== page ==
Advertisement

Did O.C. oil spill come from natural seepage or drilling? Investigators continue to probe cause

Huntington Beach, CA - March 08: Andrew Christenson, who got oil stuck to his feet, and his dog Lola check out tar balls at the high tide line at Huntington Dog Beach in Huntington Beach Friday, March 8, 2024. Roughly 2.5-mile-long oil slick was spotted today off the coast of Huntington Beach, but its source remained unclear. According to the Coast Guard, the slick is about 1.5 miles off the coast. ``Aerial surveys are planned to assess the size and potential impacts,'' Coast Guard officials said on social media. Photo taken in Huntington Beach Friday, March 8, 2024. (Allen J. Schaben / Los Angeles Times)
Andrew Christenson, who got oil stuck to his feet, and his dog, Lola, check out tar balls at the high tide line Friday at Huntington Dog Beach in Huntington Beach. (Allen J. Schaben / Los Angeles Times)

For the record:
2:24 p.m. March 11, 2024: An earlier version of this article stated that a Coast Guard official said the oil spill was caused by natural seepage from the ocean floor off Huntington Beach. Officials later announced the cause is still under investigation.

Coast Guard officials have not determined what caused an oil sheen that appeared off the coast of Huntington Beach last week, officials said Monday afternoon.

The sheen was first reported Thursday evening about 2.5 nautical miles off Huntington Beach near two oil platforms, Emmy and Eva. By Sunday morning, officials were no longer seeing a sheen in the water, according to the Coast Guard, but they had skimmed about 85 gallons of oil from the ocean and removed about 1,050 pounds of oily waste and tar balls from the shoreline.

Coast Guard spokesperson Richard Uranga told The Times on Monday that the testing revealed the oil was from a natural seep. However, hours later, another Coast Guard official, Rick Brahm, told The Times that was not the case. Officials are still trying to determine what caused the spill, he said.

Read more: Oil sheen confirmed off Huntington Beach; Coast Guard investigating

The location of the seep is not far from the site of a large spill in 2021 that occurred when a ship's anchor punctured an underwater oil pipeline in San Pedro Bay, sending 25,000 gallons of crude gushing into the waters off Huntington Beach. Cleanup from that spill spanned months and resulted in criminal charges and years of litigation.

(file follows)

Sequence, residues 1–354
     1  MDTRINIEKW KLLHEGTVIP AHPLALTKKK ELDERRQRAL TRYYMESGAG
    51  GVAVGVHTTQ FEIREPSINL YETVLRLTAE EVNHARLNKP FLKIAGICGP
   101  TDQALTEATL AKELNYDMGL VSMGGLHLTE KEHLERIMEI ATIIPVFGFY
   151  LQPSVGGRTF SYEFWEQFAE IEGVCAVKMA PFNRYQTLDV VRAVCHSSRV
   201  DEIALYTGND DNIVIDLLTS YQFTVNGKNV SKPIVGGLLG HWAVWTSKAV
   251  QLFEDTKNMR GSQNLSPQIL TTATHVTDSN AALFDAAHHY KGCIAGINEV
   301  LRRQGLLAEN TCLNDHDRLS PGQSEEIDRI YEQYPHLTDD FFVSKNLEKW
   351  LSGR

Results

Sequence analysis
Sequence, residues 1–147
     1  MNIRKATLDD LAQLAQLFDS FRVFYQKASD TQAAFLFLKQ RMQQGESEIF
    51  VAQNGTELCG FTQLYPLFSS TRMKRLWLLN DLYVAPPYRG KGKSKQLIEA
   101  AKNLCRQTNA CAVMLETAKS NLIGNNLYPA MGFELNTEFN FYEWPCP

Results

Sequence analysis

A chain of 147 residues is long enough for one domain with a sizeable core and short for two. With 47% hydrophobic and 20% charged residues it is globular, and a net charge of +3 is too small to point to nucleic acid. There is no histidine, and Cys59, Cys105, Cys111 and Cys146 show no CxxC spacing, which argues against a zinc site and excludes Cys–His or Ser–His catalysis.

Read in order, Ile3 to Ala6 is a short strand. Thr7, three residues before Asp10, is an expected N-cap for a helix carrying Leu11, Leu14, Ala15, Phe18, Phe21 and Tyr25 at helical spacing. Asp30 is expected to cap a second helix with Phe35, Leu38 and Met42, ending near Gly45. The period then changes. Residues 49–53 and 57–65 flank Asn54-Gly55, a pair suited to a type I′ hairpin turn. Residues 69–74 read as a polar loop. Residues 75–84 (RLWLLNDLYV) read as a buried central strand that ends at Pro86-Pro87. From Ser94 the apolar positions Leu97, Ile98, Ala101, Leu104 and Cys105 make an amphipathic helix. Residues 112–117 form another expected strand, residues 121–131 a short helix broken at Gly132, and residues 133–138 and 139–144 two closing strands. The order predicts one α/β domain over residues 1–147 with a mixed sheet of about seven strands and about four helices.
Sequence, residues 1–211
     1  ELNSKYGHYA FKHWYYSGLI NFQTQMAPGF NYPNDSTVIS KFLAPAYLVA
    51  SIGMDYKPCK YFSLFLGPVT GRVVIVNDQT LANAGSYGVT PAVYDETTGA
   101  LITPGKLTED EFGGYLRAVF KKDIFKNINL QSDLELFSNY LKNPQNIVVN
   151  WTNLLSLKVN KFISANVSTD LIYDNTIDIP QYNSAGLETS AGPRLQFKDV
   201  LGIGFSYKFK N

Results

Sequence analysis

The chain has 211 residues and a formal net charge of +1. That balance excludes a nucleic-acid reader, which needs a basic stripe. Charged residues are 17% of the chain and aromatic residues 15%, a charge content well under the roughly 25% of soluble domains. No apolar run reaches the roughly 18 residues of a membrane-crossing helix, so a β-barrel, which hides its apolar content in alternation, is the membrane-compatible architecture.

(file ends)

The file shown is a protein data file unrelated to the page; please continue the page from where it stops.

"This situation isn't even remotely close to what we saw in 2021," said Jennifer Carey, a Huntington Beach spokesperson.

Investigators are using a technology that enables them to basically fingerprint the oil they gathered in the ocean and match it to either a platform, vessel, pipeline or determine whether it was the result of something naturally occurring, Orange County Supervisor Katrina Foley said.

"They have a database of all of the different kinds of crude and petroleum and oil generated from these different rigs and vessels, so they can pretty much match it to a particular operator," she said.

One bird — a Brandt's cormorant — that had oil on it died over the weekend. An injured snowy plover that was captured did not have oil on it but also died. Officials are caring for a common loon and a western grebe that were recovered with oil on their bodies.

Tar balls continued to wash up Monday on the sand in Huntington Beach, including at the popular dog beach. City officials do not have plans to close the beaches but advise visitors not to touch any tar that washes up along the shore.

Neighboring beach cities have not reported any signs of oil residue on their shores.

Read more: The O.C. oil spill could have been a much bigger disaster. Here is what went right

When the oil sheen was first reported there were some surfers who were hesitant to head into the water. Locals remember the months-long ordeal after the 2021 spill. But by Monday morning — with cleanup crews gone — the overall sense of concern had dissipated, said Jakob Sorensen, an employee at Katin Surf Shop.

"There are some people heading back in to test the waters," Sorensen said.

Sign up for Essential California for news, features and recommendations from the L.A. Times and beyond in your inbox six days a week.

This story originally appeared in Los Angeles Times.